Several Google executives, including executive chairman Eric Schmidt reportedly visited Cuba this week to promote Internet access there. The Google team met with officials and representatives of Cuba’s technology scene to promote a “free and open Internet,” according to 14ymedio.com, which is an independent news website launched last month by Yoani Sanchez. Brett Perlmutter, Dan Keyserling, and Jared Cohen also attended the trip.
Cohen is a former State Department official that co-authored a book with Schmidt about how an open Internet will change society. The group of people took a guided tour of Saturday of the University of Information Sciences, which is a technology research center based in Havana. The group met Friday with editors and reporters of 14medio.com.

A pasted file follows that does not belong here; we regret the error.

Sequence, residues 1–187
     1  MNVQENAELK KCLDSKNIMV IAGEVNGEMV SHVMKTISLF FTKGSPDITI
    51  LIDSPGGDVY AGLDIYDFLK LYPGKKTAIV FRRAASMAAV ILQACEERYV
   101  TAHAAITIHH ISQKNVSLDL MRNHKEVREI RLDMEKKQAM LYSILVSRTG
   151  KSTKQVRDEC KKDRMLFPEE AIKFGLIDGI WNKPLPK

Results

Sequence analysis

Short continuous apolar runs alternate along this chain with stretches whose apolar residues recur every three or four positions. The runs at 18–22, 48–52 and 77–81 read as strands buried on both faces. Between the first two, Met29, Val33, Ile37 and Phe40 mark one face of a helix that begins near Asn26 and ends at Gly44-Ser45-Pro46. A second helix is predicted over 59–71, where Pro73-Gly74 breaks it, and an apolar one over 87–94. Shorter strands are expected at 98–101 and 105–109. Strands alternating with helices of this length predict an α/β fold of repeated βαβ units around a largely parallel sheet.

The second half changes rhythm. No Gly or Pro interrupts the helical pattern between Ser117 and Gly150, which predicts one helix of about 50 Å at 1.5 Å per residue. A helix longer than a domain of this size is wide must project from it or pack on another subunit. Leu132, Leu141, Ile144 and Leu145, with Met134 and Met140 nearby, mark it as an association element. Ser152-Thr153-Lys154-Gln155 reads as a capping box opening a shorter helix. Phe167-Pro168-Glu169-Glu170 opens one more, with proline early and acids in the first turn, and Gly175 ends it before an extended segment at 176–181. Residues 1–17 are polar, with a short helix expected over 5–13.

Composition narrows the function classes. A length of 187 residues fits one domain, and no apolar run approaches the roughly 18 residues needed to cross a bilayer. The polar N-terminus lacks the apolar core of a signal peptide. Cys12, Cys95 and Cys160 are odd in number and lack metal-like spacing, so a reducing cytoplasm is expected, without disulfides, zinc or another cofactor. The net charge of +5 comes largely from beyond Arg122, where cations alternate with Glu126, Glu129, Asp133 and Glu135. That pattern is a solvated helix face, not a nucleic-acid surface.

One of the topics of discussion was getting fast Internet access in public places. Cuba is known for being one of the most closed off countries in the world. Cuba has one of the lowest Internet penetration rates in the world. Only 5% of Cuba’s residents have periodic access to the Internet, according to U.S. based human rights organization Freedom House. The Cuban government opened 118 public Internet centers across the country to offer residents greater access to the web. Unfortunately, the usage cost is around $4.50 per hour and the average wage for residents there is $20 per month.